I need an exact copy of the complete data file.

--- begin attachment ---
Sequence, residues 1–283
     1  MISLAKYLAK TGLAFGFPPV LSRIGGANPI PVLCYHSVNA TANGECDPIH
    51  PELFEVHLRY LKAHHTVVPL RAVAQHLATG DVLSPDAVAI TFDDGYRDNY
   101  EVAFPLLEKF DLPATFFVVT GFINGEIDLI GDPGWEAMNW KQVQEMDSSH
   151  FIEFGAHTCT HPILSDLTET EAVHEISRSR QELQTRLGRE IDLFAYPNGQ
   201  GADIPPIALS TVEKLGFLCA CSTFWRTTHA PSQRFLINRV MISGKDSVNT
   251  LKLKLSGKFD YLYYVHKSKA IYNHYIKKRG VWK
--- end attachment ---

Sequence, residues 1–283
     1  MISLAKYLAK TGLAFGFPPV LSRIGGANPI PVLCYHSVNA TANGECDPIH
    51  PELFEVHLRY LKAHHTVVPL RAVAQHLATG DVLSPDAVAI TFDDGYRDNY
   101  EVAFPLLEKF DLPATFFVVT GFINGEIDLI GDPGWEAMNW KQVQEMDSSH
   151  FIEFGAHTCT HPILSDLTET EAVHEISRSR QELQTRLGRE IDLFAYPNGQ
   201  GADIPPIALS TVEKLGFLCA CSTFWRTTHA PSQRFLINRV MISGKDSVNT
   251  LKLKLSGKFD YLYYVHKSKA IYNHYIKKRG VWK